Used to being inspected and scrutinised and are experienced enough to be able to 'put on a show' for the researcher to create the bes possible impression.
Unusual in being a closed, highly controlled social setting. It has clear boundaires, and restrictions on access and behaviour. The classroom is less open than most settings such as leisure centres of shops. Teachers and school control time, behaviour, noise, dress, language and layout of the classroom. Young people rarely experience this level of control in other areas of their lives.
Teachers and pupils are very experienced in disguising their real thoughts and feelings from others; they may conceal these from the researcher too.
Young people in school-based groups such as classes and friendship groups may be more sensitive to peer pressure and the need to conform, and this may affect the way they respond to being researched. Therefore be important to supervise pupils when they are filling in questionnaires, especially if this is done in class.
- Students may see researchers as teachers, while teachers see them as inspectors and even might be seen as 'the enemy'.
- Heads can refuse of access if research interferes with work ethic. Meighan found heads can view research negatively. Their reactions to a research project he wanted to carry on consulting pupils about teaching: "Dangerous for pupils to comment on their teachers", "Bad classroom relationships", "Not competent to judge teachers".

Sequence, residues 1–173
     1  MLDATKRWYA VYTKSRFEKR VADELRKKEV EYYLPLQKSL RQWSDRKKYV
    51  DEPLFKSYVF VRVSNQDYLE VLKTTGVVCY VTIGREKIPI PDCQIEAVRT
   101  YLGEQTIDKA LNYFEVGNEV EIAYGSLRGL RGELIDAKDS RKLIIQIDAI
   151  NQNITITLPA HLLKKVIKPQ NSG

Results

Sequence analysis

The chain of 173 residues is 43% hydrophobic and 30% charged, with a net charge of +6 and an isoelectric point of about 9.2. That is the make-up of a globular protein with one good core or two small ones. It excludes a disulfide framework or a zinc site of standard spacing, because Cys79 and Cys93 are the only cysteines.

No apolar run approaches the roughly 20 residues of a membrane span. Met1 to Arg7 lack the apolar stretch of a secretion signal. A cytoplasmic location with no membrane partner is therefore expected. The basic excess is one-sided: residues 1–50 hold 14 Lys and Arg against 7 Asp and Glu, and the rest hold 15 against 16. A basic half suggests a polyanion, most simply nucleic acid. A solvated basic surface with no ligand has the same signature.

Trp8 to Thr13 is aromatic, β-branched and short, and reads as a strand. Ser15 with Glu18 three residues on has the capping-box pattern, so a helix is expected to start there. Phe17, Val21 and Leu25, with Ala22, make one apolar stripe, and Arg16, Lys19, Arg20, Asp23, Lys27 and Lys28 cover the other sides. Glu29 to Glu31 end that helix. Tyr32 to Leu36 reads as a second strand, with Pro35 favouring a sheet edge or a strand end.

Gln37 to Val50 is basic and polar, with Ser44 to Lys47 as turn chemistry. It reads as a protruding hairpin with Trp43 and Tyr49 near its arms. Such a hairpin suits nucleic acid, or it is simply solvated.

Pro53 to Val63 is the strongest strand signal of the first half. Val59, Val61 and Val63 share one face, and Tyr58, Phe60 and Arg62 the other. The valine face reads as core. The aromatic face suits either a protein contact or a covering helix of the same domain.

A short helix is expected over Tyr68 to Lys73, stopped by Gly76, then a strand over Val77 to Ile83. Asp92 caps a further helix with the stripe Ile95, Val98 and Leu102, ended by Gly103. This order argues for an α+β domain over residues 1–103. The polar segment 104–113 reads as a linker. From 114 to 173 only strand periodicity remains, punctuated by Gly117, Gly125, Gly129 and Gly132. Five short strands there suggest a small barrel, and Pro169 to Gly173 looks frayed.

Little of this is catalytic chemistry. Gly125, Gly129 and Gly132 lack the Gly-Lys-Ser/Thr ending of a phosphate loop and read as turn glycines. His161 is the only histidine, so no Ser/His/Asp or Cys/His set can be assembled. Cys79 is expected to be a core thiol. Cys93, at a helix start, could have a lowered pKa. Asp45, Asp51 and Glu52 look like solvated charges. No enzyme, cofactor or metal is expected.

- The information schools collect on attendence, achievements etc can be useful. However, might mean restricted access.
- Beynon and Atkinson gatekeepers such as heads often steer reseachers away from sensitive situations such as when teacher with bad classroom control.
- Sociologists can use all the secondary sources in their research.
- Many schools are single sex. Difficult if researcher is the opposite sex.
- Operate on daily and yearly timetable. Affect when and how researcher is done.
- Young people have to be educated. Having a 'captive population' to study can be good and bad.
Parent's may influence what goes on in education, both by the way they bring up their children and involvement with school. Marketisation policies also encourage parents to see themselves as consumers.
Parents are unusual i they they are for the most part physically outside the school. Might make them more difficult to contact and research. Teacher and pupil interactions can be observed easily. Few opportunities to observe whether parents help their children with their homeworl.
Social class and ethnicity of parents play important role in schooling. Class and ethnic differences between researcher and parents can create a barrier.
Some parents might be more willing to participate inresearch. Middle class parents, more pro-school, might be more likely than w/c parents to return questionnaires about their children's education and this then makes the findings unrepresentable.